Black History Month Heroes: Vox 114 from "The Time Machine"

In Christian Lander’s new book Whiter Shades of Pale he writes one of his better Stuff White People Like entries about trivia and white peoples love of displaying their intelligence in a nonthreatening, culturally unbiased setting where standardized tests, GRE, MCAT, GMAT, LSAT, AP scores and GPA’s are unnecessary as points of conversation.

Vox 114 would be great as the token Black for trivia night

Trivia nights at bars across the nation act as a dress code unto themselves, keeping out unwanted patrons who fear participating in a public game of knowledge for a free bar tab. Trivia nights at restaurants and bars act as Black kryptonite in the same manner that classical music played at places of business keep away unwanted shoppers.  

The hipster scene is full of brash know-it-alls, who when they aren’t saving the world through Teach for America as Crusading White Pedagogues delight in overwhelming their friends with archaic and obscure knowledge in an all-out-effort to appear sagacious and ensure their bar tab is paid for so they don’t have to sneak out the side door when no one is looking.

Go to a trivia night in any major city, regardless of the demographics. You’ll see a crowd whiter than the one at a Journey concert, friends combining their intelligence into a formidable, hilariously named team bent on defeating any and all challengers.

You see, trivia offers one of the few times that white people can revel in their intelligence, decision to stay in school and earn that graduate degree and be free – albeit momentarily – from the shackles of white guilt.

Questions asked by an overzealous trivia hosts make every trivia player feel that they could appear on Jeopardy! at that moment and dominate. That a token Black might be seated at one of opposing team’s tables is of trivial concern, for you have spent years preparing to showcase your mental acumen in an inconsequential game of trivia.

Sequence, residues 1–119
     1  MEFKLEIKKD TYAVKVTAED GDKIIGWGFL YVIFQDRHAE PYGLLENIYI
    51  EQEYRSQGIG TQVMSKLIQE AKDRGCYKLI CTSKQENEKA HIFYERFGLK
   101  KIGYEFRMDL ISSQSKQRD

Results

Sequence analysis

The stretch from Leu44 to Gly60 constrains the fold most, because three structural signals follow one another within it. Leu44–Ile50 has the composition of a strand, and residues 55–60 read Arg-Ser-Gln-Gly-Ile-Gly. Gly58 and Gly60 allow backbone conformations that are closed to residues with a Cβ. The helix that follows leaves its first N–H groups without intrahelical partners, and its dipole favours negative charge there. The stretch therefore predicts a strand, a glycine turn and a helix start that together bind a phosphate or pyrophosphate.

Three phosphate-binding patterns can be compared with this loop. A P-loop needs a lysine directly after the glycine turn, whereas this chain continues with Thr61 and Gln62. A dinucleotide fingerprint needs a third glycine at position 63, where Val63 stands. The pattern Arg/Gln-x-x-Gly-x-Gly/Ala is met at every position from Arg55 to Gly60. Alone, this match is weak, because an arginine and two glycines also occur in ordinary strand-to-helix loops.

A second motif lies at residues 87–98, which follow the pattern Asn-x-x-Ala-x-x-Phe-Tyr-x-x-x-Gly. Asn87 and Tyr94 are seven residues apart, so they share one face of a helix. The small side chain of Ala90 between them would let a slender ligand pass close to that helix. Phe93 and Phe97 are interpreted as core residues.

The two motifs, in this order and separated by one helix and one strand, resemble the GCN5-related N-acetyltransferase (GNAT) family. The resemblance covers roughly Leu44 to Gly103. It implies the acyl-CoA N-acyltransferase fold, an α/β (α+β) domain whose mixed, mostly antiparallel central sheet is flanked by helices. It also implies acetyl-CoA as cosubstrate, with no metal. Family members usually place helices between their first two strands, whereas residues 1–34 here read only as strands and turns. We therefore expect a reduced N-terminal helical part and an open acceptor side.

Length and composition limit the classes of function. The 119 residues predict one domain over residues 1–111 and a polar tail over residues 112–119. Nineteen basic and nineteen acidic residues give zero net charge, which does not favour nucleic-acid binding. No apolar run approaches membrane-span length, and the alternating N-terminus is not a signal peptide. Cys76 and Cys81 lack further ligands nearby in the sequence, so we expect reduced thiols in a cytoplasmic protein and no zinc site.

All for a free bar tab. Trivia night at a bar or restaurant offers the owner a night free of disturbances at their club, unless someone decides to question whether it really was the Moops who invaded Spain. All bets are off then.

It is a well-known fact that Black people don’t play board games – though some games have been invented with a Black and white theme – but less publicized is Black people’s aversion to shows like Jeopardy, Wheel of Fortune and Family Feud.

Though trivia nights at restaurants and bars across the nation suffer from a paucity of Black participation, one movie decided to create a form of artificial intelligence (a fusion powered photonic) thankfully blessed with wit of Black actor Orlando Jones to dispel the disgusting stereotype that Black people aren’t good at trivia.
That movie was the forgettable 2002 film Time Machine.

His character, a holograph blessed with the compendium of all human knowledge, is a highly intelligent and sardonic Black guy:

Seeing that one means of Emma’s death has been replaced by another, Alexander goes to May 24, 2030 to find out whether her life can be saved. At the New York Public Library, a holographic AI librarian called Vox 114 (Jones) insists that time travel is impossible, so Alexander continues into the future until August 20, 2037, when the accidental destruction of the Moon renders the Earth virtually uninhabitable.

Though Jeopardy, high school and college quiz bowl teams and trivia games are blessed ever so-often with the token Black, the majority of these activities are deemed culturally bias and therefore the inexcusable exclusion of Black participants is unjust and unfair.

Thankfully Hollywood has created a Vox 114 holograph that could win any trivia contest and also that elusive free bar tab. A Black Fictional Hero we can all be proud of, even though it displays all the characteristics of a pedantic, pretentious, pontificating SWPL type one would encounter at a trivia event.

The Time Machine may have been a horrendous car wreck that destroyed Guy Pearce’s marketability in the United States, but it gave us the Vox 114. Deep Blue, eat your heart out.

Though Bernard from Jeopardy (who had a whopping -3,000 for Final Jeopardy) might not be the best trivia teammate. 

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